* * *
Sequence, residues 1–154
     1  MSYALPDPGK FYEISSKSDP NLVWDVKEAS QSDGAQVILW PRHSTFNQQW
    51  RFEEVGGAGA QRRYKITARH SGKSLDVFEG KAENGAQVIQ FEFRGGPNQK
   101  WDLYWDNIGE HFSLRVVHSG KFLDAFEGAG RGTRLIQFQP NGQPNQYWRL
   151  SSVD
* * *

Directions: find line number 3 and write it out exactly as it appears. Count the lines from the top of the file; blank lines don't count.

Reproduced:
    51  RFEEVGGAGA QRRYKITARH SGKSLDVFEG KAENGAQVIQ FEFRGGPNQK